The FINANCIAL — As Vice President Joe Biden continues to ponder whether to enter the 2016 Democratic nomination campaign, Americans’ views of him are more positive (49%) than negative (37%). These views are similar to what Gallup found in its prior update from August and continue to be improved from Americans’ divided opinions of Biden through most of his term as vice president.
As recently as March, equal percentages of Americans had favorable (39%) and unfavorable (39%) opinions of Biden. One reason opinions of Biden have improved in recent months could be Americans’ sympathy for him after his son Beau died of cancer earlier this year.
Another reason Biden’s favorability may be higher is that many Democrats want to see Biden enter the presidential campaign. They may think the Democratic Party needs an alternative to its weakened front-runner, Hillary Clinton, whom Americans currently view more negatively than positively. In stark contrast to Biden’s rising image since March, Clinton’s image has worsened since then.
Right now, Bernie Sanders is Clinton’s closest challenger, but given his admitted socialist leanings, there are questions about his electability. None of the three other announced Democrats has emerged as a credible challenger to Clinton, though that could change in the days after Tuesday’s first Democratic debate.
On only two other occasions since Biden became vice president has Gallup found significantly more positive than negative views of him. These include late 2012 after President Barack Obama and Biden were elected to a second term (48% favorable, 40% unfavorable) and during the “honeymoon phase” of the Obama administration (48% favorable, 36% unfavorable) in 2009. In fact, Biden’s current +12 net favorable rating ties that June 2009 reading as the best of his vice presidency.
Prior to his being sworn in as vice president, in late 2008 and early January 2009, Biden’s image tilted considerably more positive than negative. This included a personal best 59% favorable rating in a poll conducted in the days after the Obama-Biden ticket won the 2008 presidential election.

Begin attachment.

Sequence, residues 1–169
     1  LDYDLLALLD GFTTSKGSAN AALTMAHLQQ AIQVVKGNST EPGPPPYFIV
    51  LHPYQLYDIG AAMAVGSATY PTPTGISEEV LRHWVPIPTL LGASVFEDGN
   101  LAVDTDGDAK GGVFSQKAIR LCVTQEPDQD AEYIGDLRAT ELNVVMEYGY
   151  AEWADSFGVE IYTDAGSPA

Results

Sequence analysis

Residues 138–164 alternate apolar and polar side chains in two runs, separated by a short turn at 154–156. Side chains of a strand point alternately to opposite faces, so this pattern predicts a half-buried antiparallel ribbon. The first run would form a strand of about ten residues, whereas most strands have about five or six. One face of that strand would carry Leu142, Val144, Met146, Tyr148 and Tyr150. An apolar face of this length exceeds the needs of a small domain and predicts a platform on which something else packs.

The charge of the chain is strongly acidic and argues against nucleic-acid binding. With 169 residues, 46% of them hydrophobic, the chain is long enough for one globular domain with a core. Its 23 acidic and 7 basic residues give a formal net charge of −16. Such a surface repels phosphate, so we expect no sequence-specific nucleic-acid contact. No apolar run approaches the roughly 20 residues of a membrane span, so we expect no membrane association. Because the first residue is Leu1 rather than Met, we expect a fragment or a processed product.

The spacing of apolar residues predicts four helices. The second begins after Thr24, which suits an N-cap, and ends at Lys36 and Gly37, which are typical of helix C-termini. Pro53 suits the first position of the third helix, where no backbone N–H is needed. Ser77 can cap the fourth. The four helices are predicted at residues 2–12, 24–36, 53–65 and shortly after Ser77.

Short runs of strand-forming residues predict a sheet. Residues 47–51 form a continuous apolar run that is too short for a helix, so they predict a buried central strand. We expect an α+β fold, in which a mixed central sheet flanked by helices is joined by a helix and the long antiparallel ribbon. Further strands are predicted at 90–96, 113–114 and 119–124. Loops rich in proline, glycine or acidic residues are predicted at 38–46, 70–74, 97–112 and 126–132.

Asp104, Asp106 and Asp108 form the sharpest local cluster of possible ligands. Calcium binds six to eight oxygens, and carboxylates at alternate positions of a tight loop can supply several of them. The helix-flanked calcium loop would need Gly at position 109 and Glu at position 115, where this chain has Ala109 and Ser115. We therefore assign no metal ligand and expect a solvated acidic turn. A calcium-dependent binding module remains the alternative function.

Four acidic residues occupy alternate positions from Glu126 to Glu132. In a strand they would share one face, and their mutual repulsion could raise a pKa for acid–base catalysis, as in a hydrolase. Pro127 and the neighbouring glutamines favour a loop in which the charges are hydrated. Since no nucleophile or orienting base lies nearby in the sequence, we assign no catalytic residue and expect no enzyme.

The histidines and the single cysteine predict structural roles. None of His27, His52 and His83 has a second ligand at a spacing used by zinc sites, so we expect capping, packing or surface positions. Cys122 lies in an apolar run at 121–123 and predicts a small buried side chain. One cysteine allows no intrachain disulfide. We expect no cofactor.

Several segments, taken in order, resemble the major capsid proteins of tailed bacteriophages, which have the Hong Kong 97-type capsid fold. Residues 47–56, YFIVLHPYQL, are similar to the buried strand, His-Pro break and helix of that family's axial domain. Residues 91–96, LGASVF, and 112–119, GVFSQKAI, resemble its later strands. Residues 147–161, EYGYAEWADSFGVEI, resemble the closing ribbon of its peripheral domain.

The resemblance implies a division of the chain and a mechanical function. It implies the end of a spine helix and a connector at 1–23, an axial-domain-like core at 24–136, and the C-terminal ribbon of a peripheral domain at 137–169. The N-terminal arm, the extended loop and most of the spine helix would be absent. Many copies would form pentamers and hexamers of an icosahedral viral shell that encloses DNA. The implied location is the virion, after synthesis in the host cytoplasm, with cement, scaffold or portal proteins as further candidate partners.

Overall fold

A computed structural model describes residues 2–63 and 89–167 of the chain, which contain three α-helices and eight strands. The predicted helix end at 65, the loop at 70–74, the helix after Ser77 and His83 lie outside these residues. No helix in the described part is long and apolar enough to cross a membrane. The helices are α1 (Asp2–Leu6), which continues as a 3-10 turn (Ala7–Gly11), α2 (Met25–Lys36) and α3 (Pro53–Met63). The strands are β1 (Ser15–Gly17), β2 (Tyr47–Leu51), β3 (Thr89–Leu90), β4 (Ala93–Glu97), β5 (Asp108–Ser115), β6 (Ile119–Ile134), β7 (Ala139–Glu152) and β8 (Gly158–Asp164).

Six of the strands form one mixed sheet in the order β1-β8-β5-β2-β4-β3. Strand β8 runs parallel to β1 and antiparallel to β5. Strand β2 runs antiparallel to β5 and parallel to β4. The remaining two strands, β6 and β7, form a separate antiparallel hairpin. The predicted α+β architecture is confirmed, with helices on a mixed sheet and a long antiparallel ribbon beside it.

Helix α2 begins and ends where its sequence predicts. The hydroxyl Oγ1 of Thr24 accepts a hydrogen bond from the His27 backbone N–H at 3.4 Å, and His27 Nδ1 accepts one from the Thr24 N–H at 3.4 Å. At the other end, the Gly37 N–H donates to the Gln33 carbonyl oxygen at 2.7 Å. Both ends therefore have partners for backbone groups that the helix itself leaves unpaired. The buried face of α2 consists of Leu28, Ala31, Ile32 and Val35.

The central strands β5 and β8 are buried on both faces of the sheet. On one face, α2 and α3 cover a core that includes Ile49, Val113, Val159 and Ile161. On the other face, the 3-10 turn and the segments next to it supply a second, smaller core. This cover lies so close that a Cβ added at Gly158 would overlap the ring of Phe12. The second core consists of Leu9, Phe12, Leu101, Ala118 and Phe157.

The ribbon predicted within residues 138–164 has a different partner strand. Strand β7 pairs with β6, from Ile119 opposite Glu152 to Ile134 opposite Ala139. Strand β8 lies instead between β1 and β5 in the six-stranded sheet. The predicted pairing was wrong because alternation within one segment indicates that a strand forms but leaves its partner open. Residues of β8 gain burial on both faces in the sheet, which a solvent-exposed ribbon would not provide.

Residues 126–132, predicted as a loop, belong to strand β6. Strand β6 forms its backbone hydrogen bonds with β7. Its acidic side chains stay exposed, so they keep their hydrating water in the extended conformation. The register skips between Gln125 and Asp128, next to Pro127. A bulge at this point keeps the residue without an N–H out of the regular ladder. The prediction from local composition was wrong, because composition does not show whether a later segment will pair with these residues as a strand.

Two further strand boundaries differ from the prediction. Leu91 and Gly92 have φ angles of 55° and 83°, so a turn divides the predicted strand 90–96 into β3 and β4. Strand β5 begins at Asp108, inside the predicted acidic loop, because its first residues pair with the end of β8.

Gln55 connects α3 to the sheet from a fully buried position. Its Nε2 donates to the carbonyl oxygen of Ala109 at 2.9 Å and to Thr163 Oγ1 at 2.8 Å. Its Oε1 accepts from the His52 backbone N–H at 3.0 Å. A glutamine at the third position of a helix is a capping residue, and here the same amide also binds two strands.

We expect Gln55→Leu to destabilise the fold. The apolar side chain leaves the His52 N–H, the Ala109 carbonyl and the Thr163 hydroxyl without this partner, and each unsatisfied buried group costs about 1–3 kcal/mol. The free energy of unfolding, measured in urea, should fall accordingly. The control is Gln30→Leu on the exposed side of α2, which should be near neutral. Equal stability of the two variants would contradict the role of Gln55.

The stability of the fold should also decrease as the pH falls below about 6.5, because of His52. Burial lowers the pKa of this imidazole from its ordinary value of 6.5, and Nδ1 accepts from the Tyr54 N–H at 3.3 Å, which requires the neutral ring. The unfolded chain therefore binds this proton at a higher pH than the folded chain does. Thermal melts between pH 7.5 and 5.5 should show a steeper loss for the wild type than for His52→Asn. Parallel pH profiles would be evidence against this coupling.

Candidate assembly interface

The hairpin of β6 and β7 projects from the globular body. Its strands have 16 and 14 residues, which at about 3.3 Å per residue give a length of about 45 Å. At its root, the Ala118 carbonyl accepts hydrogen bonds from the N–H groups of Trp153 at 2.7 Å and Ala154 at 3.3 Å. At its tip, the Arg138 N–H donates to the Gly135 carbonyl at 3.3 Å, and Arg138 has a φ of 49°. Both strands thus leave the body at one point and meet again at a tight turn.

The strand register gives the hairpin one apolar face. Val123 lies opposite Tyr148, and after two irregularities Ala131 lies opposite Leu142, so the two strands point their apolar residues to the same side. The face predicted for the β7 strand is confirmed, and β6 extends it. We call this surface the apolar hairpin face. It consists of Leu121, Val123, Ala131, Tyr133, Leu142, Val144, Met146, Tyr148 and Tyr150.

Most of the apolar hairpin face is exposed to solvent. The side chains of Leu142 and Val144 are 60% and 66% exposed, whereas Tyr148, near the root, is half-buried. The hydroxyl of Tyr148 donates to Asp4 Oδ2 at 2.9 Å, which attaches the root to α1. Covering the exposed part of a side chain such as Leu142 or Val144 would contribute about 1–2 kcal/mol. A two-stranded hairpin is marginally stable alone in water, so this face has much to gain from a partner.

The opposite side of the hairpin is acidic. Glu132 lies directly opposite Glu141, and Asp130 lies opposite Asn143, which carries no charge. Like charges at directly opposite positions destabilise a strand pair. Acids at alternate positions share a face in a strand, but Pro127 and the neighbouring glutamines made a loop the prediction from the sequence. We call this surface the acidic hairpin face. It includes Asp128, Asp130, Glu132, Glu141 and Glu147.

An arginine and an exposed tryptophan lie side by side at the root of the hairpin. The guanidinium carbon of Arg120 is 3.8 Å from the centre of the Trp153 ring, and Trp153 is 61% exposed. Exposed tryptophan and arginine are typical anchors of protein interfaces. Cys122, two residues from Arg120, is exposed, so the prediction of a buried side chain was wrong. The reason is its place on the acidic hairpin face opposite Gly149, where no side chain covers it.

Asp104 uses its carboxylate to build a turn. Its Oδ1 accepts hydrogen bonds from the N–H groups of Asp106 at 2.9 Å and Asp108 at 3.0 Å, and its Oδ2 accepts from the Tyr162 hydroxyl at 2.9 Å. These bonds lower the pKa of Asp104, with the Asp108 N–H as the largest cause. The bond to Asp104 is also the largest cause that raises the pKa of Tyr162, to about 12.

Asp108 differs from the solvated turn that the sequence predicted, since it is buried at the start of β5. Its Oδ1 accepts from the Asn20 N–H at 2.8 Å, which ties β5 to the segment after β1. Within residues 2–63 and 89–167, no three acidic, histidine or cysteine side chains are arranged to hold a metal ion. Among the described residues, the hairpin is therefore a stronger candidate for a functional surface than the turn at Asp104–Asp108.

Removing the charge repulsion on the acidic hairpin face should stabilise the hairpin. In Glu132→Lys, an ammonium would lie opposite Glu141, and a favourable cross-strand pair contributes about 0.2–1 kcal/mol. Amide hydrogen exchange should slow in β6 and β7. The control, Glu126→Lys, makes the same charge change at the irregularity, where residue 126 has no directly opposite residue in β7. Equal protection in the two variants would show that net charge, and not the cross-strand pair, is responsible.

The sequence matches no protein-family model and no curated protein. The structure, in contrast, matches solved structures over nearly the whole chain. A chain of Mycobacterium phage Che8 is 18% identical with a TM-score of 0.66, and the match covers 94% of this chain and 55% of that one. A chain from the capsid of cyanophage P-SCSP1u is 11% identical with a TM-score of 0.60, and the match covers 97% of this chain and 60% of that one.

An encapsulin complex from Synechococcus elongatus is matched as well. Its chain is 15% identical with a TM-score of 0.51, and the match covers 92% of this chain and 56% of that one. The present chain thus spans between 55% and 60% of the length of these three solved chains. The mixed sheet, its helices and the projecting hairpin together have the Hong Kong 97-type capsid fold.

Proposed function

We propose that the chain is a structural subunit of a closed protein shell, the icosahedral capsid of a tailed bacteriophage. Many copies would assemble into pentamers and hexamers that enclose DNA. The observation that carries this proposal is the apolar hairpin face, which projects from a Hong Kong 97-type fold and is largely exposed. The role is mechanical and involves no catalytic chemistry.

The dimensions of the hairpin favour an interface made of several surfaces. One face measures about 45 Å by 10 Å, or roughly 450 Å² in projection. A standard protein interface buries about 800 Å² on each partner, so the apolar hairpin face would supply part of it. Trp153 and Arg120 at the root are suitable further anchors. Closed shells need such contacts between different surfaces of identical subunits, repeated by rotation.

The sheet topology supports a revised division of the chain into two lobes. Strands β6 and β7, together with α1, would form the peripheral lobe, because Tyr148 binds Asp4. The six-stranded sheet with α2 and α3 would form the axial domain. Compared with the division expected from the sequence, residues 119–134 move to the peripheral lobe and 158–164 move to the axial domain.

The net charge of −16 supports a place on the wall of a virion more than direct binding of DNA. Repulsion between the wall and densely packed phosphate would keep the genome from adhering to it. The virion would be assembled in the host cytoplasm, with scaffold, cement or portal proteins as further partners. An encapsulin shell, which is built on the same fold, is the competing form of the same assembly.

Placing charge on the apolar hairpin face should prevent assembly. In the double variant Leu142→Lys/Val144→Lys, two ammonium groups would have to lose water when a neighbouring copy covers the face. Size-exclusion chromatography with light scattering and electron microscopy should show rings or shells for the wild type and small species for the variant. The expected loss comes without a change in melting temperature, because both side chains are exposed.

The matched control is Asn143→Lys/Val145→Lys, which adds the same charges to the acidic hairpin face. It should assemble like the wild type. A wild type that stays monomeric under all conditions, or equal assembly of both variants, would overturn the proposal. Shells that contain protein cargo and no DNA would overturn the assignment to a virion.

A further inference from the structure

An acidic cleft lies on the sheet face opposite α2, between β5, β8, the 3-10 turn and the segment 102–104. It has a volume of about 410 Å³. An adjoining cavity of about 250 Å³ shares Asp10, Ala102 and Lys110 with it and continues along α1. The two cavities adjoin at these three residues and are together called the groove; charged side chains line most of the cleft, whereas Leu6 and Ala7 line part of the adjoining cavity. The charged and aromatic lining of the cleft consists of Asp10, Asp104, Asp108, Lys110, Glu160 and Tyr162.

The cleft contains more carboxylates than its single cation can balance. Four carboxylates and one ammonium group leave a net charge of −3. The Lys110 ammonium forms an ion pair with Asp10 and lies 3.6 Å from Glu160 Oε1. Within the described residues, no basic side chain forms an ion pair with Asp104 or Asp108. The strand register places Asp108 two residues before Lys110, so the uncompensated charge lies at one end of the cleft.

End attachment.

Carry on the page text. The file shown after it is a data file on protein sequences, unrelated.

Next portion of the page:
Biden Image Better Among Most Key Subgroups
Biden’s favorable ratings are higher now than in March among most key subgroups. The sharpest gains in favorability, all near 20 percentage points, are among Democrats, nonwhites and Catholics.
Democrats, as would be expected, have always viewed Biden positively. But their opinions of him have become increasingly positive in recent months, now at 85% favorable, and suggest he likely would be a serious contender for the party’s nomination if he entered the race.
Biden’s more positive ratings among nonwhites are also noteworthy because support among this group could be decisive in determining the Democratic Party’s nominee. While nonwhite Democrats have highly positive views of Clinton, this is not the case for Sanders. Thus, Biden likely would be more competitive with Clinton than Sanders would be among this key Democratic subgroup.
In addition to Democrats and nonwhites, most liberals (74%) and college graduates (62%) view the vice president positively.
Earlier in the year, 35% of Catholics had a favorable opinion of Biden, similar to the national average. Catholics’ favorable rating increased to 42% in Gallup’s August update, but now sits at 54%. Biden is Catholic, and more Catholics may be aware of that fact after he attended many of Pope Francis’ public events during the widely covered U.S. papal visit in September.
Biden is now viewed as positively among Americans as at any time since he became vice president in January 2009. If he is considering entering the presidential race, he would appear to be well-positioned given those relatively positive ratings and his high public profile.
Among the announced presidential candidates, only Ben Carson and Carly Fiorina have significantly higher favorable than unfavorable ratings among all Americans, according to Gallup’s tracking survey. Marco Rubio, Sanders, and John Kasich have slightly more positive than negative ratings.
To some degree, though, Biden’s relatively positive image may reflect his status as a non-candidate. If he officially entered the race, Americans might view him in more strongly political terms. Additionally, the media and his political opponents would give greater scrutiny to his record, and if some of that scrutiny is unflattering, it could negatively affect the way Americans feel about him.